CSAM law puts Apple’s client-side analytics plans back in the spotlight


Update: Voting on the bill is now expected to be postponed until the fall – see end for details.

A new proposed CSAM law in the UK could require all email companies to use the kind of client-side scanning approach that Apple was planning to launch to detect child sexual abuse material (CSAM) on iPhones.

An amendment to the Online security bill has been proposed that would require tech companies to identify and remove CSAM, even in end-to-end encrypted private messages…

The online security bill

The Online Safety Bill (OSB) is something of a hodgepodge of measures designed to tackle ‘harmful’ user-generated content, i.e. any service that allows users to post textual content or downloading media. It was, of course, sold as targeted terrorist material and CSAM.

The bill introduces new rules for companies that host user-generated content, i.e. those that allow users to post their own content online or interact with each other, and for search engines. research services, which will have tailored obligations aimed at minimizing the presentation of harmful research results to users.

Platforms that fail to protect people will have to answer to the regulator and could face fines of up to 10% of their revenue or, in the most serious cases, be blocked.

All relevant platforms will have to address and remove illegal material online, especially material related to terrorism and child sexual exploitation and abuse.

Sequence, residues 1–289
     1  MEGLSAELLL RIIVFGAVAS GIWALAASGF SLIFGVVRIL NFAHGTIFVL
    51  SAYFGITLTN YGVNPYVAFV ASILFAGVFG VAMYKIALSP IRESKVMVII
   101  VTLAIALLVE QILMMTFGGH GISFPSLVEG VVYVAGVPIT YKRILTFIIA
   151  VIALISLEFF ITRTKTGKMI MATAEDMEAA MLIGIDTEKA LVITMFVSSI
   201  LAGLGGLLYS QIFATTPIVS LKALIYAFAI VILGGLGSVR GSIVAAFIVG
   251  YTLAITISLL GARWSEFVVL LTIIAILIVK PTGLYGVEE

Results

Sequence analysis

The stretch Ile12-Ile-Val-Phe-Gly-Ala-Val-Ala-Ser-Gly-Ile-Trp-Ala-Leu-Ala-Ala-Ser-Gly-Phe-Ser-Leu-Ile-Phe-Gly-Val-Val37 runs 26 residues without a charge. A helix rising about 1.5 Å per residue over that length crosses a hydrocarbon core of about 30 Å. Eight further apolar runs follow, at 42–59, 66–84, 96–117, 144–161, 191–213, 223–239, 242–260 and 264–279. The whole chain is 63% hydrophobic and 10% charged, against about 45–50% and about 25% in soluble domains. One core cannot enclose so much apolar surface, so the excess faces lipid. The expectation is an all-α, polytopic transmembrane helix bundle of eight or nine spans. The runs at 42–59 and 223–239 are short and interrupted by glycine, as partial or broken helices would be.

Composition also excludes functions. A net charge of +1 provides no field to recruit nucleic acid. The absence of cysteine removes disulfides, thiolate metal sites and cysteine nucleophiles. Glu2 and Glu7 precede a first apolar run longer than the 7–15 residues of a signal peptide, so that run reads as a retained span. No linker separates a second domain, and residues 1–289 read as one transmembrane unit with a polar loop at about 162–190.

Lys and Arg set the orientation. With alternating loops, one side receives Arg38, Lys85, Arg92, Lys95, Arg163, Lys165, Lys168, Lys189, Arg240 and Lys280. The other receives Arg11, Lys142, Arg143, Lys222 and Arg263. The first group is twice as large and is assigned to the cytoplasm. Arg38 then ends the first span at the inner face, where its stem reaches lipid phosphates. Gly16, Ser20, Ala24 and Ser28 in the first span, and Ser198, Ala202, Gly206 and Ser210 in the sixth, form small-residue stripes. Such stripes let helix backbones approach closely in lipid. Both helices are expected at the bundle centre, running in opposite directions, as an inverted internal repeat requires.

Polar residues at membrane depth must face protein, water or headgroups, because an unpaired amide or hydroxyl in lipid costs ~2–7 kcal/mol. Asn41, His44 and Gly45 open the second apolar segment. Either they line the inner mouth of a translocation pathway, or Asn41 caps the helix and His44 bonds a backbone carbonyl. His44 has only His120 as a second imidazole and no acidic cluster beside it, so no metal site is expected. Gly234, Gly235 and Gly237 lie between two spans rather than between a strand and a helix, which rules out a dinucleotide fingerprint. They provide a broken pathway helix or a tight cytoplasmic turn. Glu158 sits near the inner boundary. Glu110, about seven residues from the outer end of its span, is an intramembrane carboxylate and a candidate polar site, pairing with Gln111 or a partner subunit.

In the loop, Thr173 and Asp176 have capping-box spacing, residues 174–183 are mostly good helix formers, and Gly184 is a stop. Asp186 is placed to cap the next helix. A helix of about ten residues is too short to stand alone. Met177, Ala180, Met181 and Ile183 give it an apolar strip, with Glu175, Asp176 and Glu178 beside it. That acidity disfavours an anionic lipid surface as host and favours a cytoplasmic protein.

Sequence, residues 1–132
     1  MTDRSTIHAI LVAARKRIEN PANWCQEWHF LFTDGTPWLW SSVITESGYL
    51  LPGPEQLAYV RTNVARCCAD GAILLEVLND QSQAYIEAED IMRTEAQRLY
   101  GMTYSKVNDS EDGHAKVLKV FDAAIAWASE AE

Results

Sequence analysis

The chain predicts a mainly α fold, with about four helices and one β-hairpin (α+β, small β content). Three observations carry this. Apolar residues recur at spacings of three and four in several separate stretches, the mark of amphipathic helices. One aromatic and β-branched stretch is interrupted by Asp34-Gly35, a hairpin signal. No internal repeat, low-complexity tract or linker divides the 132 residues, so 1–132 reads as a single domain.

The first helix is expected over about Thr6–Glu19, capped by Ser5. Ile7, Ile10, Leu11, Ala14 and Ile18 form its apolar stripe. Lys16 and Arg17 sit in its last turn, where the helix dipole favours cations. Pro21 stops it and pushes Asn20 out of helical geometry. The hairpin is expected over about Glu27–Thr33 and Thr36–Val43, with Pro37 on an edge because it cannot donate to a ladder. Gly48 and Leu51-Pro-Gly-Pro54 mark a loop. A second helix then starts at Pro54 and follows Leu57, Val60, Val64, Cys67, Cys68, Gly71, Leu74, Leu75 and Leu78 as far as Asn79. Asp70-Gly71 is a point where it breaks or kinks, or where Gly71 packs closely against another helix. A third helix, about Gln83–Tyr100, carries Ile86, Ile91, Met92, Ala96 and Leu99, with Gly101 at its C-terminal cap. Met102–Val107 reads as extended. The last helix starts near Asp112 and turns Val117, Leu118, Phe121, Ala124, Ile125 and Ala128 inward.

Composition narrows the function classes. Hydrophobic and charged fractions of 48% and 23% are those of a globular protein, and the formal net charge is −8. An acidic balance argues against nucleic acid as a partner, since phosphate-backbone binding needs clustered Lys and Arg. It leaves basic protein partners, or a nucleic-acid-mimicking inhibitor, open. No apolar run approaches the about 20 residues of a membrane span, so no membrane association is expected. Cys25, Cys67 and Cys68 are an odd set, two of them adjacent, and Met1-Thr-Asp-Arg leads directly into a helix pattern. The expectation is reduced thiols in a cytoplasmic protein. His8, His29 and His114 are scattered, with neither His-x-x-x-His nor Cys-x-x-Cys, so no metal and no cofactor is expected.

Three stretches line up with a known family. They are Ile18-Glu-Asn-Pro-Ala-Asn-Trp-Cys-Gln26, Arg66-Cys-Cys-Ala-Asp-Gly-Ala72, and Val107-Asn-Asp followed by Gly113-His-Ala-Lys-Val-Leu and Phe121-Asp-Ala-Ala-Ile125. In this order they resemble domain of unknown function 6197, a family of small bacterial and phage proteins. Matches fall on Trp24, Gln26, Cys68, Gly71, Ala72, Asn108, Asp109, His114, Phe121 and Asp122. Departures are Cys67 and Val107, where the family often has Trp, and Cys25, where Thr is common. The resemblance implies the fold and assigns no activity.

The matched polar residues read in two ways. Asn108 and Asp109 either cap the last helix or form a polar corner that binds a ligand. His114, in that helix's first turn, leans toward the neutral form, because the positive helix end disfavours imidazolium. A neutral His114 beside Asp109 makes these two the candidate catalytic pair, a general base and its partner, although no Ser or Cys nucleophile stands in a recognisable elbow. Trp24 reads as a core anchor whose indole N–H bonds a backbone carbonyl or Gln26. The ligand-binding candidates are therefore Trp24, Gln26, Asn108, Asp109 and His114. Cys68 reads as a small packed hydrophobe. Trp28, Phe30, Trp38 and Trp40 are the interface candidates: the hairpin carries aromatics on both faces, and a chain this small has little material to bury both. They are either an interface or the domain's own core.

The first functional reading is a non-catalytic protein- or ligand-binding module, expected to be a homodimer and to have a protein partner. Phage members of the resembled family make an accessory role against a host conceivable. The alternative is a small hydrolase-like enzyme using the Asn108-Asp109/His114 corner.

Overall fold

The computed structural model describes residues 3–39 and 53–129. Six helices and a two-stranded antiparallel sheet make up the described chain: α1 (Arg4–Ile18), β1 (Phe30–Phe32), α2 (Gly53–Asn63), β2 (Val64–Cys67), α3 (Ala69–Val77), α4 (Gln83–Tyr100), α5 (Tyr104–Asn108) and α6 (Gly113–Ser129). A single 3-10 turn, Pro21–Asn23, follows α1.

Platforms likely to be viewed by children will also have a duty to protect young people who use their services from legal but harmful content such as self-harm content or eating disorders. Additionally, providers that post or place pornographic content on their services will be required to prevent children from accessing that content.

The largest and most risky platforms will have to deal with named categories of legal but harmful material that adults have access to, which may include issues such as abuse, harassment or exposure to content encouraging self-harm or eating disorders. They will need to clearly state in their terms and conditions what is and is not acceptable on their site, and enforce it.

A whole series of changes have since been made, expanding both the scope and the powers of the law. One of the scariest changes is that the government could – after the adoption of the law – amend the definition of “harmful” content.

CSAM bill

The Guardian reports that a new amendment has been proposed which would create a requirement to detect CSAM even in end-to-end encrypted messages. (Note: in the UK the term CSAE is used instead of CSAM – child sexual abuse and exploitation content.)

Heavily encrypted messaging services such as WhatsApp could be required to adopt cutting-edge technology to spot child sex abuse material or face the threat of steep fines, under new changes to the law. UK on digital security.

The amendment to the Online Safety Bill would require tech companies to do their best to deploy new technology that identifies and removes child sexual abuse and exploitation (CSAE) content.